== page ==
- Officer Friendly, under stress, doesn’t have the plate number of Treptow’s Rendezvous SUV. That’s understandable; he’s just been shot. But, more significantly, he doesn’t refer to a previous 911 call in which he called in the plate number on this supposedly road-raging driver. Could it be because he never made that call?
Why was all mention of the officer’s demeanor redacted? I’m smelling a Police union lawyer involved. Understandable, of course, but curious.
I’ll continue to follow this.
I got an email the other day. It’s from a group claiming to be anarchists, claiming to be planning to disrupt the Republican National Convention next year.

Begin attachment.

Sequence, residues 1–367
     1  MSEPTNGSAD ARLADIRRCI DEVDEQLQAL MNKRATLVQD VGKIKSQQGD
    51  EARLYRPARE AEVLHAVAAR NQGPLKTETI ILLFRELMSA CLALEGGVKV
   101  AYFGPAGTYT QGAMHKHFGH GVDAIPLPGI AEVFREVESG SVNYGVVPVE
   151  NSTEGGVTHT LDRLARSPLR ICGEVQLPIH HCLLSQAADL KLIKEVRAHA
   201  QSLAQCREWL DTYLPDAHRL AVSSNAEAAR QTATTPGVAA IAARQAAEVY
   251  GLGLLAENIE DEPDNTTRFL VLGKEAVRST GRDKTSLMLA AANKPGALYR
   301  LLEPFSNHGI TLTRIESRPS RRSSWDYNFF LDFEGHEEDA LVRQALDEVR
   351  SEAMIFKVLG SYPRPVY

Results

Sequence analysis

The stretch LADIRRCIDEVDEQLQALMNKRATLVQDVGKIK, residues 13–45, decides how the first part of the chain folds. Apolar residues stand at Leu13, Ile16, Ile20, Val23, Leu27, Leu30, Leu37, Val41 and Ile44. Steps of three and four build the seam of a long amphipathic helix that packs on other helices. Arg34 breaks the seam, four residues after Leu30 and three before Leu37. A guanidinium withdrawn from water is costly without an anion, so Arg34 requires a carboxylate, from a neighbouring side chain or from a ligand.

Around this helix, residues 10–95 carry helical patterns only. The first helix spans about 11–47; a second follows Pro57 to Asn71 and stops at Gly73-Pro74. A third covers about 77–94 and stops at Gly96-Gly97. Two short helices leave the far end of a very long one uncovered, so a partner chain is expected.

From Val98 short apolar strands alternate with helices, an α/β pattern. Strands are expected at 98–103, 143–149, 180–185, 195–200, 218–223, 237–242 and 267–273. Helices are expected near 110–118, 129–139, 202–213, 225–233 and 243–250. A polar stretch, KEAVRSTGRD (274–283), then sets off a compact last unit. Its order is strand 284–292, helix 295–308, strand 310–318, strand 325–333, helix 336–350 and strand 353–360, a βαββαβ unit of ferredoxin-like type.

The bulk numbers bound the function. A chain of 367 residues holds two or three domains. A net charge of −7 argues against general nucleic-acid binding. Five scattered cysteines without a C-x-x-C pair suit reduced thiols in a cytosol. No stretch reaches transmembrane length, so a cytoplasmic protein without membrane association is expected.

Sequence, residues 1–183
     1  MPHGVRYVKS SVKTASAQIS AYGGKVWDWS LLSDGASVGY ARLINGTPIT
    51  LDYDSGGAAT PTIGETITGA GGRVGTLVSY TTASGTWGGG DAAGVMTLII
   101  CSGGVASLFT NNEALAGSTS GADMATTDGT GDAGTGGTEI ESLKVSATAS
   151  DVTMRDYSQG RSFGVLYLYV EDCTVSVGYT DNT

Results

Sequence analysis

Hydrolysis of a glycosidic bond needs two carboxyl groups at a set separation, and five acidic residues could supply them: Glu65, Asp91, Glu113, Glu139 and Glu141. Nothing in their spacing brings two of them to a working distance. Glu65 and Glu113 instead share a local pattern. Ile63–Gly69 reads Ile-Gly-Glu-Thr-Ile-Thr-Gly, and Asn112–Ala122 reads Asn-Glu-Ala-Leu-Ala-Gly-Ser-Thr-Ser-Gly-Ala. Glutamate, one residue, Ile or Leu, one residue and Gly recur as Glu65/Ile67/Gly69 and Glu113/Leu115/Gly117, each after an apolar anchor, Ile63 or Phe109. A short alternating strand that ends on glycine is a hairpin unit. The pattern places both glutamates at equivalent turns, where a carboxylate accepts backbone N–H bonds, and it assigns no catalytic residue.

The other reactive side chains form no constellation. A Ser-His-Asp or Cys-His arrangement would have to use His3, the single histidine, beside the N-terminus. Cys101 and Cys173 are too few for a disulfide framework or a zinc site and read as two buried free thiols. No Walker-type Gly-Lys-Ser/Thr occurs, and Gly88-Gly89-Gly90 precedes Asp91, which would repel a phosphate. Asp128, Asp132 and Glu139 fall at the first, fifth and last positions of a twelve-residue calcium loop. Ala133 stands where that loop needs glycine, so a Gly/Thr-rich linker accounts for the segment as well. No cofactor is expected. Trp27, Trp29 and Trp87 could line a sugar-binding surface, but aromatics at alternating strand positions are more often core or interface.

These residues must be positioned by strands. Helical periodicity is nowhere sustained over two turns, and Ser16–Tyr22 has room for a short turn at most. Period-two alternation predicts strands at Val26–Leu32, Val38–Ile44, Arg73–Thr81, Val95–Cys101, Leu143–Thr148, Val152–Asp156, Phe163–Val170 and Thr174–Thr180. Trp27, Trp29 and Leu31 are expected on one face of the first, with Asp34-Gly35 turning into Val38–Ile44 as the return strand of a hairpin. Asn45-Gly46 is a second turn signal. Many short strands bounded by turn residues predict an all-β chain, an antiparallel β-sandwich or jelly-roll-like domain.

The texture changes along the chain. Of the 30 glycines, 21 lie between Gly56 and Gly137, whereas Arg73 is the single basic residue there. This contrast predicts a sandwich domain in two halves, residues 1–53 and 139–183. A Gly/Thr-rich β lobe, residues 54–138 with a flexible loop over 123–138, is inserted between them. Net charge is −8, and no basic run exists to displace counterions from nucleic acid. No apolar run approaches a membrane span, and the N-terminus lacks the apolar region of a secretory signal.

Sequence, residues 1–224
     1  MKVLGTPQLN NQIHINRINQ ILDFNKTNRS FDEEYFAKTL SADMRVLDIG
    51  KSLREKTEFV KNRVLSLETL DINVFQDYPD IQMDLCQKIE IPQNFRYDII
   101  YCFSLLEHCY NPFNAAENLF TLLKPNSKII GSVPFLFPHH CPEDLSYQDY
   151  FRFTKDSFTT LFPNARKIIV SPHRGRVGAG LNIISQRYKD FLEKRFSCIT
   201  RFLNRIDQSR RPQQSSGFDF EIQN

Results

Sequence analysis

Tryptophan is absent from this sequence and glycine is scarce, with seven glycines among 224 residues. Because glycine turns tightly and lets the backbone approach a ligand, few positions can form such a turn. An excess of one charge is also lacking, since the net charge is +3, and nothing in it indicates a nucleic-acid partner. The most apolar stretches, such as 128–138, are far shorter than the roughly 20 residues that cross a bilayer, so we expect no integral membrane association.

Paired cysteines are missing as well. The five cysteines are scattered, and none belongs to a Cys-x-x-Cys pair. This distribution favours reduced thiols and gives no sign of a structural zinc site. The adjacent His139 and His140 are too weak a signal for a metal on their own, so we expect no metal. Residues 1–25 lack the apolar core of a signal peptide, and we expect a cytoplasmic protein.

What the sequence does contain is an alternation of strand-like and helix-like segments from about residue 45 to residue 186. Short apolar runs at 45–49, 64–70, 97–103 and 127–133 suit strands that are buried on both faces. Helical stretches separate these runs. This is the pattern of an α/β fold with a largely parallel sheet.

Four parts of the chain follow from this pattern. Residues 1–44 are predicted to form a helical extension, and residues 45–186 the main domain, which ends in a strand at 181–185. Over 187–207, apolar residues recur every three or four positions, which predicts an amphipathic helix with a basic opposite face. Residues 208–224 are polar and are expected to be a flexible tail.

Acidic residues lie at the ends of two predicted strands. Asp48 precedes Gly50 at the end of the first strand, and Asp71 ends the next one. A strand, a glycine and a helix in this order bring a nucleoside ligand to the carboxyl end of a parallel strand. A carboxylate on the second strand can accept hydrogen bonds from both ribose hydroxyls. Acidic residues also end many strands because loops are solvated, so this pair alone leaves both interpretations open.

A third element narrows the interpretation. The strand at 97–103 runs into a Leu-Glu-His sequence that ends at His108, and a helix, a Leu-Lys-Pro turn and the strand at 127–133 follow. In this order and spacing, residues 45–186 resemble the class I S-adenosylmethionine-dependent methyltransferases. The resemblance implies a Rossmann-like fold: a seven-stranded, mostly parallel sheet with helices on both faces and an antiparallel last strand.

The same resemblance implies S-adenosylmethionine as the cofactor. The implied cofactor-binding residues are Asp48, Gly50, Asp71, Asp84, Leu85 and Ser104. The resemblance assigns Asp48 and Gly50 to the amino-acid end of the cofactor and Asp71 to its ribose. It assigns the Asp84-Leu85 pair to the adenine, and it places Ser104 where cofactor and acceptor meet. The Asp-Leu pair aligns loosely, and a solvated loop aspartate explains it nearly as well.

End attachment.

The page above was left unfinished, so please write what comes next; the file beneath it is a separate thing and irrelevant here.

!!BEAT THE REPUBLICANS TO THE PUNCH!!
In case you haven’t heard, the stage is already being set for the republicans visit in 2008. August 31st through September 3rd of 2007 (that’s Labor day weekend for all of you making big BBQ plans) will be the twin-cities pReNC. We want you to come, have fun, learn, plan, and share with us. You can get to know our cities, see all the great stuff we have going on, and take part in planning for the main event in 2008.
Don’t wait for the pReNC, however. Start thinking about what you want to see NOW and come with ideas to work with. We are putting up ride and housing boards soon. They will be linked off our website with a lot of other good stuff at www.nornc.org.
It’d almost be interesting to sign up to house some of these people. Lotta good info there.
Below is an agenda. We have a weekend of events planned, but we still want you to teach a workshop or organize an event. We have some ideas of the